But two years of fighting has left Myanmar’s resistance outgunned, with dwindling supplies, particularly ammunition, and little defence against air attacks. Conflict fatigue is affecting some.
It is a major humanitarian crisis. Over half the country is in poverty after the previous decade of rapid improvements under a civilian quasi-democracy. The UN has identified 4.5 million people needing emergency support, with millions displaced, the economy and international trade disrupted, and basic foodstuffs and essential drugs scarce.
But the conflict is delivering plenty of business opportunities for the Tatmadaw and its political cronies. Numerous large-scale projects previously blocked for environmental reasons have been reactivated: new dams and mines are of particular concern.
Logging appears to be on the increase and a new wave of “crony” land grabbing by the army and its business partners has been taking over farmland for agricultural commodity production, often adding to deforestation.
Unregulated mining, taking advantage of Myanmar’s significant share of gold, gems, jade and rare earth elements, is poisoning Myanmar’s waterways. Oxford University-led research in 2017 into water quality found arsenic and lead concentrations above safe levels. And today, mining projects are proliferating,, undoubtedly increasing pollution.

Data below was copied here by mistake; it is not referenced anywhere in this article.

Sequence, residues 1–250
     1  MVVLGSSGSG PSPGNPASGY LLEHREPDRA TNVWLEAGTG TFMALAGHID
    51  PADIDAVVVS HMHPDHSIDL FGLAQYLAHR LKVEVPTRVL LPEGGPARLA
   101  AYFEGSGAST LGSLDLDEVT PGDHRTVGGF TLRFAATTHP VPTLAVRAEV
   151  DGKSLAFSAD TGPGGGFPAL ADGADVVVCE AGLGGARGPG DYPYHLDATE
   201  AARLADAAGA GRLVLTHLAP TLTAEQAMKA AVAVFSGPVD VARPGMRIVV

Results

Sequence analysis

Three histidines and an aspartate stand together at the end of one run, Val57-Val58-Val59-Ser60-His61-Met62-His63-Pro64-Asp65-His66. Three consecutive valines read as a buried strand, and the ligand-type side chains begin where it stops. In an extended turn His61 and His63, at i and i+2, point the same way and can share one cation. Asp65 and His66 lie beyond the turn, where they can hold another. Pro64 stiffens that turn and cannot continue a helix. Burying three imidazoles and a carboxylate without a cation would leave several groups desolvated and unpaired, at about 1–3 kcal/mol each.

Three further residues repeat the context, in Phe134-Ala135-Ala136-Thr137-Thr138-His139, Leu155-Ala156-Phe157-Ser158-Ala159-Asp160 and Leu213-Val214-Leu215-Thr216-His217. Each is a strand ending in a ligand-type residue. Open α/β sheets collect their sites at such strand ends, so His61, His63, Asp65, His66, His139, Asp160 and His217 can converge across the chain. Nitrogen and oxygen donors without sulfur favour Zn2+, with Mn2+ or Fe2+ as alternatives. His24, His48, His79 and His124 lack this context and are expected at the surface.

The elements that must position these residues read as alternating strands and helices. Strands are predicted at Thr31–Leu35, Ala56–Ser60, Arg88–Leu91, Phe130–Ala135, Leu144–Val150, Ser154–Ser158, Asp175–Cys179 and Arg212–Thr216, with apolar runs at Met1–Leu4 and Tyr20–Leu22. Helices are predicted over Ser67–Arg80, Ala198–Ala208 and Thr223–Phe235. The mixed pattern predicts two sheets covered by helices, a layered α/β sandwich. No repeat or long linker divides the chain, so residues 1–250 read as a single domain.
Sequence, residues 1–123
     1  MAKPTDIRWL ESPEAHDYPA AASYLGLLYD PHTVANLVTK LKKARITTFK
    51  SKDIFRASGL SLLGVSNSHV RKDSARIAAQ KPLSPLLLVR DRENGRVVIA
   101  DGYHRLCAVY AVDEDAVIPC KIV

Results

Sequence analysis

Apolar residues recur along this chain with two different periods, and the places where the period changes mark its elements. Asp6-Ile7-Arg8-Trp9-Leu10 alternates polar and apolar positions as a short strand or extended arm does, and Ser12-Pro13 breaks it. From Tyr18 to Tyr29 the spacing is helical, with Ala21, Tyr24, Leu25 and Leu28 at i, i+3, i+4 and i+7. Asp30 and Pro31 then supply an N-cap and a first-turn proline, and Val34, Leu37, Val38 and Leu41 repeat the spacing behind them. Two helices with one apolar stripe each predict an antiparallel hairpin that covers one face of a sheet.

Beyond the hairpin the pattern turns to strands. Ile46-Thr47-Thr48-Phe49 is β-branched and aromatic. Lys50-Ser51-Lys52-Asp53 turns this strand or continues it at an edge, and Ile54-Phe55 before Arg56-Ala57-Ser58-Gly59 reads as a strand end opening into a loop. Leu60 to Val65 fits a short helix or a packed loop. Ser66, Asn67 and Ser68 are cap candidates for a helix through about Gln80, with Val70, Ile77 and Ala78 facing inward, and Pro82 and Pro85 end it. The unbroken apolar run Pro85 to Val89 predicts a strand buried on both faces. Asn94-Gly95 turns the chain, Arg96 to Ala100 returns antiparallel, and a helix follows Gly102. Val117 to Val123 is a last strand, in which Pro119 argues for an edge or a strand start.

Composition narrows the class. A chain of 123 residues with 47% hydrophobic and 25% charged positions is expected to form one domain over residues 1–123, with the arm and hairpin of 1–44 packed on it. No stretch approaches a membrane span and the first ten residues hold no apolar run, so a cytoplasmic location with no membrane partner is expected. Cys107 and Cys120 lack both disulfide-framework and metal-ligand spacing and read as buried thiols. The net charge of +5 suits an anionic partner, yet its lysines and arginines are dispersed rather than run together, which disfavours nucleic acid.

Meanwhile in many cities, electricity outages is forcing people to burn coal and wood for fuel, affecting air quality.
Grounds for optimism
Aside from the solidarity in the resistance movement and the increasingly fragile position of the military, there are grounds for optimism in the robust response of many foreign governments. The UN security council issued a resolution in December 2022 calling for an immediate cessation to all forms of violence (Russia, China and India abstained).
The US has imposed escalating sanctions targeting generals, arms suppliers and cronies. In December 2022, the National Defense Authorization Act provided support for democratic groups in Myanmar, including training and non-lethal assistance.
The EU passed its fifth package of sanctions against the junta in November 2022, targeting arms exports. This international pressure has increased to the extent where it appears even China is becoming embarrassed by its association with the junta.
The civil war will undoubtedly continue for some time, and when it eventually ends the scars will take even longer to heal. What would make the pain bearable for many would be a just peace in which the menace of the Tatmadaw, after more than 60 years of violence, is removed, and the wealth of the generals, their cronies and the military companies used to alleviate poverty.
In the absence of direct military assistance, foreign governments and organisations should consider supporting the national unity government to help alleviate the suffering of Myanmar’s people. Key to this will be the coordination of health, education and financial services – now widely absent – as well as the groundwork to help civil society to restore democracy when the time comes.